No vaccine for coronavirus yet, but we don’t have to just sit defenseless. A new study just released shows us ways to support viral defense mechanisms with nutraceuticals.
Titled Nutraceuticals have potential for boosting the type 1 interferon response to RNA viruses including influenza and coronavirus1, several nutritional supplements
One author, James DiNicolantonio, is a pharmacist I have referenced here before. Mainly from his book The Salt Fix: Why Experts Got It All Wrong – and How Eating More Might Save Your Life. I like and trust his work.
A table in the article summarizes presents recommendations:
Other reasons exist to consider these supplements as well, so you can enjoy viral support and other benefits as well.
I am choosing lipoic acid, or alpha lipoic acid (ALA), as we have a choice and it brings other documented benefits. ALA helps our mitochondria (energy producing organelles in the cell) to work better, in part from its antioxidant activity. More efficient mitochondria, more energy, better health. It also helps system handle a high fat meal by supporting the blood brain barrier2. It also helps with blood sugar stabilization.
Virally, lipoic acid can support type 1 interferon response
Spirulina is a blue-green algae with many health benefits. From my readings:
-improved exercise performance
-protection from junk vegetable oils such as canola
-reduce blood pressure
-improve insulin sensitivity
-chelates (binds) heavy metals
Pretty good list!
It too can support type 1 interferon response as well.
NAC is a precursor to glutathione – the body’s major antioxidant.
Managing oxidative stress may help the type 1 interferon response. Further, DiNicolantonio references researchers who have shown NAC helps the elderly avoid flu symptoms.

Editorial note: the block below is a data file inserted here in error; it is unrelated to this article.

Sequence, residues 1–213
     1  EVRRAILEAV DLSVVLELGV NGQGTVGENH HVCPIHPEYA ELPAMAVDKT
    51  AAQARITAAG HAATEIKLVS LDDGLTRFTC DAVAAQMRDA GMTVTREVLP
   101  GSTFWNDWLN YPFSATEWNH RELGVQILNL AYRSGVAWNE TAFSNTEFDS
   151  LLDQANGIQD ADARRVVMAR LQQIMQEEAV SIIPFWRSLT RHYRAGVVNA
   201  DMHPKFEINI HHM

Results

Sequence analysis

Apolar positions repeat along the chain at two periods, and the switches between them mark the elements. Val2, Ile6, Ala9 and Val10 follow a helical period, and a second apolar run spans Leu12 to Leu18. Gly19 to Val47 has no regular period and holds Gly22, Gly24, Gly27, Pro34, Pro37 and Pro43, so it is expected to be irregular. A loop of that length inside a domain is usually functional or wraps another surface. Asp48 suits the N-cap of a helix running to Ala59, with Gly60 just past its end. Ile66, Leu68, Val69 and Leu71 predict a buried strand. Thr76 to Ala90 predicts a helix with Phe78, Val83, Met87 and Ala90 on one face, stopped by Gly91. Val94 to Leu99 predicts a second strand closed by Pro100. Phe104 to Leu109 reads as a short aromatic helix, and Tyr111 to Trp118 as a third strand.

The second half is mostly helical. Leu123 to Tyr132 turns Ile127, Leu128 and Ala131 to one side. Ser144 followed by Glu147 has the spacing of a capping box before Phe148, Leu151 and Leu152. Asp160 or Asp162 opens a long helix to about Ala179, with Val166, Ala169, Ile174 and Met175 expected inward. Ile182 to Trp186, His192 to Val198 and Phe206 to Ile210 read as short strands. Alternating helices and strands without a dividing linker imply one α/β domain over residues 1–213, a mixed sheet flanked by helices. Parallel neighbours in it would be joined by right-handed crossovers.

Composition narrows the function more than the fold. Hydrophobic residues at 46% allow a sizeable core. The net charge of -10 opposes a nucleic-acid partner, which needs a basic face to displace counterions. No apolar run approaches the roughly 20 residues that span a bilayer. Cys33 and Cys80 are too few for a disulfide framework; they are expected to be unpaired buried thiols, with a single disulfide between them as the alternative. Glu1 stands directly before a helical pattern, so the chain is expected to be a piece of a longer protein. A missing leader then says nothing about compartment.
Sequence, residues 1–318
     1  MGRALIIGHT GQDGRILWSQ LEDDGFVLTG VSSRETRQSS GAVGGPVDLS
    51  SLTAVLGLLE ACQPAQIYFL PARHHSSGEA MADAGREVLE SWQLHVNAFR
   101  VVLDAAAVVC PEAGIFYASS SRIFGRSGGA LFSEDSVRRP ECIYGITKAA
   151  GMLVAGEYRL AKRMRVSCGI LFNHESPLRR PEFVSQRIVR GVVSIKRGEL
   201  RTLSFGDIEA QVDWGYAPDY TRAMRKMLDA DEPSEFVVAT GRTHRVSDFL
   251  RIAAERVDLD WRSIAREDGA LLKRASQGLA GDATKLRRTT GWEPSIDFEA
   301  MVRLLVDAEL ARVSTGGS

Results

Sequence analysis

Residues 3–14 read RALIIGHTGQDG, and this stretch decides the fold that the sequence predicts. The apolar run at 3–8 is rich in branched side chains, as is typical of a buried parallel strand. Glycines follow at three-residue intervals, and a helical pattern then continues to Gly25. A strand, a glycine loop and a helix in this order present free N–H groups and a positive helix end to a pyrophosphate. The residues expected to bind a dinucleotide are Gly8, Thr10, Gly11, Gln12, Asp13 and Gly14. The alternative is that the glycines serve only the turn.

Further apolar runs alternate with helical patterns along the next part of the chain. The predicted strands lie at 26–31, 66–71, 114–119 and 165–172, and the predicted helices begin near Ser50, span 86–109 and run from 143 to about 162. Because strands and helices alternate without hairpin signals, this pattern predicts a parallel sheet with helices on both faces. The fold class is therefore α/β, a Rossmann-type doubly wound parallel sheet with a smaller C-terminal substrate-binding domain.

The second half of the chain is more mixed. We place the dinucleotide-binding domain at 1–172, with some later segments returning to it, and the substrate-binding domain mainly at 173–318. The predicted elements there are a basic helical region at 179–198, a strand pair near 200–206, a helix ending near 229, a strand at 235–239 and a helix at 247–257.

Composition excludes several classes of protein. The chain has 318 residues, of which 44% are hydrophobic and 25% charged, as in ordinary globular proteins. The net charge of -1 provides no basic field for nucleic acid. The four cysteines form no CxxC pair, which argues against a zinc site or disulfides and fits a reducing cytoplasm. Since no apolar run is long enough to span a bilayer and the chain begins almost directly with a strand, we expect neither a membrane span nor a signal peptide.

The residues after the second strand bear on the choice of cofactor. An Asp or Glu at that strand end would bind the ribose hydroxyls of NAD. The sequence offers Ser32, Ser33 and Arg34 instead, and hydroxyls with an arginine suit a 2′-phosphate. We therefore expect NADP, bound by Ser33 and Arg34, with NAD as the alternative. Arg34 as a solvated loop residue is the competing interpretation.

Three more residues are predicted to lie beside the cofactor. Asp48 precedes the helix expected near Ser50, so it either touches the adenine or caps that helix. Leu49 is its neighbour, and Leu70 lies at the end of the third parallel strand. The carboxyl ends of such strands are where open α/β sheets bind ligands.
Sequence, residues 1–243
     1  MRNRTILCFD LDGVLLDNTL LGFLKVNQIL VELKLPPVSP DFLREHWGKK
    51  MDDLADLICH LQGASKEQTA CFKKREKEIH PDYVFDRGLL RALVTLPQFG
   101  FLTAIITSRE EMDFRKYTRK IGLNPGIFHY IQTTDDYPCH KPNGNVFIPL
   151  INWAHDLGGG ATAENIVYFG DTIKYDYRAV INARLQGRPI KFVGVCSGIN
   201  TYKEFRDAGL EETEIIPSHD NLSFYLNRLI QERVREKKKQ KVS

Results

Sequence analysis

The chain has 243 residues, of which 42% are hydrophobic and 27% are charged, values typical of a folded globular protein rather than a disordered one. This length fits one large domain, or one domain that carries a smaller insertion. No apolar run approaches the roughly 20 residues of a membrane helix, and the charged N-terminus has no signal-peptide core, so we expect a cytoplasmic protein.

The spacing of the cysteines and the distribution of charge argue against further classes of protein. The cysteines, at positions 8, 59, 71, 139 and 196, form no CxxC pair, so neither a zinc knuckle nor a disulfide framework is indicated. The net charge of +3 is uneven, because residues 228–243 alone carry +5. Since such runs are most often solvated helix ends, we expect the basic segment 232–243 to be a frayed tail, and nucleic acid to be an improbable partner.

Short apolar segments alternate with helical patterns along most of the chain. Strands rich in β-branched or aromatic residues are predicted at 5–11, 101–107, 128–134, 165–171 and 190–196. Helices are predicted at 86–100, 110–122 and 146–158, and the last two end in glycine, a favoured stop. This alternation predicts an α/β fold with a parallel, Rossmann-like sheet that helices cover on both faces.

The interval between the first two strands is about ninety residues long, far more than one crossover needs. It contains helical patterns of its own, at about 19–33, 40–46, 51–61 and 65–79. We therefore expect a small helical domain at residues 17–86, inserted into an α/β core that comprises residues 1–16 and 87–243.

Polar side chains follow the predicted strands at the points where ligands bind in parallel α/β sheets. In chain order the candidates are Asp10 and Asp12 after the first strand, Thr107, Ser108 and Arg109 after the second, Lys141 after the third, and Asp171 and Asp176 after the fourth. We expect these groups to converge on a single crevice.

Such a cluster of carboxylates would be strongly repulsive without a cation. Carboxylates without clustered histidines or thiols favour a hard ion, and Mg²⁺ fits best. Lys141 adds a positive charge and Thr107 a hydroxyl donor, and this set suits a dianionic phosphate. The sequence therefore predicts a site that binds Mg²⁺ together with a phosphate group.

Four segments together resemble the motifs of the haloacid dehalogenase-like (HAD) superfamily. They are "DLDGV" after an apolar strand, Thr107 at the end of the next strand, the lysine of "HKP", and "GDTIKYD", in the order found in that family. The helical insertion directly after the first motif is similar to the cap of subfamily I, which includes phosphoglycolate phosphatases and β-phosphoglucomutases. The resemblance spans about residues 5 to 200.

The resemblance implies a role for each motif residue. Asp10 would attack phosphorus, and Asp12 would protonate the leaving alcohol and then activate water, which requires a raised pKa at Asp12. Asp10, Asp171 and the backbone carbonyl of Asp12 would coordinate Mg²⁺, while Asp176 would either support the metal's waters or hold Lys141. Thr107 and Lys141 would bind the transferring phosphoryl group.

Selenium is an element with antioxidant properties.
Selenium has come up a few times on these pages, mainly in relation to thyroid. It helps ensure proper thyroid hormone conversions from inactive to active.
Solid selenium status aids viral defense mechanism, similar to NAC above.
We know glucosamine for its joint support properties. However, readers of this site have seen other uses.
Glucosamine can aid blood sugar stabilization. It also binds to lectins, keeping them from causing inflammatory reactions in sensitive people.
The reasons above are why glucosamine is a favorite of mine. Then, add in can up regulate a key mediator of type 1 interferon response called mitochondrial antiviral-signaling protein (MAVS).
Zinc provides countless benefits. From hormones, mental health, thyroid, metabolism, and all the way to immune support.
Mushrooms help with immunity. Beta glucan components in their structure are contributory. The paper references immune stimulating properties, specifically toward influenza.